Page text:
• Okay….you have came to a conclusion that “most” stories of atrocities are over-hyped. It is still not a provable fact. It is your opinion. You initial post comes across as though it is a fact. There’s nothing wrong with saying, “Based on my observation I have concluded that most stories of atrocities are over-hyped.”

        • Yes, it is my opinion. My answer to you laid out a part of the process I used to come to that opinion.

          It would be a good exercise to list out all the atrocity stories that get told over and over by anti-Scientologists and examine them for their truthfulness and accuracy.

          That process may prove me totally wrong, and find that in fact every single atrocity story ever told by Ex-Scientologists is exactly factual and totally fair in its interpretations of the facts of the events.

          Maybe we can do that here.

          Hay – it’s better than an “ESMB Thread”!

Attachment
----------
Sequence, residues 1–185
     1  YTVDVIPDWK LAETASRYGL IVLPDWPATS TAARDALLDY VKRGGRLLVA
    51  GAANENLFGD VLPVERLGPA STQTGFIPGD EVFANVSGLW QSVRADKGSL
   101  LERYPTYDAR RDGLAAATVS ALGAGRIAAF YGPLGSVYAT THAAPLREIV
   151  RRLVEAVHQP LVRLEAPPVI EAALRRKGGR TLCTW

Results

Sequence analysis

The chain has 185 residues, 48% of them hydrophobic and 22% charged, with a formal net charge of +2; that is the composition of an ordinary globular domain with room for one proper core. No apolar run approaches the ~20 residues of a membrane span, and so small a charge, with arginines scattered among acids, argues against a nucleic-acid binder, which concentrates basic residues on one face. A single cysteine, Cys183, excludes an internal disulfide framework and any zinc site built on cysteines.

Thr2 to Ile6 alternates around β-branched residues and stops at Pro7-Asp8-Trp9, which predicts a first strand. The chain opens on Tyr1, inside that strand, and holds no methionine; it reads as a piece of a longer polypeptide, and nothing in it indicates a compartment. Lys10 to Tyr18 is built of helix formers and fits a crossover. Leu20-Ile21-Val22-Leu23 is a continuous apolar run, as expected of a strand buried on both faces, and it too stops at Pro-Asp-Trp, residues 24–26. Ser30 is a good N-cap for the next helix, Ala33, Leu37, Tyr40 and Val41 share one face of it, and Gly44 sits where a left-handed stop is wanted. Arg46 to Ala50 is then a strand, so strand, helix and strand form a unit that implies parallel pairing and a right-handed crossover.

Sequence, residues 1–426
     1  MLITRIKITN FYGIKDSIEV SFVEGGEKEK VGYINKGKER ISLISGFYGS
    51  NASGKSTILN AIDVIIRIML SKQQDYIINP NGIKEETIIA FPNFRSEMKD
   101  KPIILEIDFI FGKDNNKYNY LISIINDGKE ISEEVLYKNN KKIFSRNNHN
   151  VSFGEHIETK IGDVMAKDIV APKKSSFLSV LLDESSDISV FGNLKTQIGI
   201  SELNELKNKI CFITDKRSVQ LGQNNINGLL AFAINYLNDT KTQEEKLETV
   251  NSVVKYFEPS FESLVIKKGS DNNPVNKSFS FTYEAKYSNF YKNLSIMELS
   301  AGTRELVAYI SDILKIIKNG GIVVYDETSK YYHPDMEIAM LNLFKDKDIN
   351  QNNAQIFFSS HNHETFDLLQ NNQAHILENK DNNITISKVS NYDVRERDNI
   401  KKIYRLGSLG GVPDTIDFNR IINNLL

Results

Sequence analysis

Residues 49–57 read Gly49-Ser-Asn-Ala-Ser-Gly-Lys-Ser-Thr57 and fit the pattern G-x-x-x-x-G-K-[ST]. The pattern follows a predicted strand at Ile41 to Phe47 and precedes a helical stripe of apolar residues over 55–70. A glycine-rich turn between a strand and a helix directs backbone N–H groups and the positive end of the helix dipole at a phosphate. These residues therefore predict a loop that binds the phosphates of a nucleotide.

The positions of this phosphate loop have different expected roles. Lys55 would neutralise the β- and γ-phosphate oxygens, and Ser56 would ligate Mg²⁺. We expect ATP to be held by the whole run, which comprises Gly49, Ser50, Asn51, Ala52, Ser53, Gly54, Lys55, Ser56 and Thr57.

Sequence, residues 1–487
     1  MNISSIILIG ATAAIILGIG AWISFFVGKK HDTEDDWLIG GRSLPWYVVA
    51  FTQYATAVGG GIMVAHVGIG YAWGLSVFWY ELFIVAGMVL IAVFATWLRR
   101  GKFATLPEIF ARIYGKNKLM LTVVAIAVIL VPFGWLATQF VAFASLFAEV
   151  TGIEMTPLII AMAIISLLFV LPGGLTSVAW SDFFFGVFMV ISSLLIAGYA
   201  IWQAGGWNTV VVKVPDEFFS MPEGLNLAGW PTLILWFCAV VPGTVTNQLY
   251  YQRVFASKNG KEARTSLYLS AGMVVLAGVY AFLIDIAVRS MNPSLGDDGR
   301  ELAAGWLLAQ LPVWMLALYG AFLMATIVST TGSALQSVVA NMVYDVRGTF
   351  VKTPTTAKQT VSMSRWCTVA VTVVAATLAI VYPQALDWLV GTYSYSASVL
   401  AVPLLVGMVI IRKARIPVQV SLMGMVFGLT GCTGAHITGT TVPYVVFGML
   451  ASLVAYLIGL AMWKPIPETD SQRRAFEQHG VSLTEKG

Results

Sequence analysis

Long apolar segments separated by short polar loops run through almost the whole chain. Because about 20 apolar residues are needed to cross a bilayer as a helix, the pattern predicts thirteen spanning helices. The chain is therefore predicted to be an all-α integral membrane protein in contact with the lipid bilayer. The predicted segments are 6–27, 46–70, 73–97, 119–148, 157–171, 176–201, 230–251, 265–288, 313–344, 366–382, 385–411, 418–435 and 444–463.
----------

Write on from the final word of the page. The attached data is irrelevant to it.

• you might want to change the word “anti-Scientolgists” to ex-scientolgists.

            There is a difference. Anti could mean lots of things, whereas Ex means a former member.


  9. A wise friend of mine, who left the church around the same time as I, related a story of a conversation he’d had with a guy about Scientology.

    “So you’re an ex-scientologist, then,” asked the guy.

    “Not exactly,” replied my friend.

    “Really?” said the guy. “From the way you were talking, I’d say you were definitely an ex-scientologist.”

    “Well, it’s like this,” responded my friend. “If you identify yourself first as a Scientologist, and then leave the church and become an ex-scientologist, you’re still a scientologist.”

    I agree. You’ve become the opposite side of the same coin. You’ve become the black to the white. You thereby deny yourself the infinite shades of grey that make up life.

    • well, who is this wise friend and what’s makes him wise? This is a question of ethos. And why should I believe you without proof, or logos?

      • Gib. It’s about labels and who you have to be to be considered to be [label]. And trying to fit yourself to be [label]. And then learning what others expect of [label] and then modifying your behavior to fit.

        If you’re a scientoligist or an ex-scientologist, you’ve handed over to Hubbard to define who or what you are and who or what you can’t be.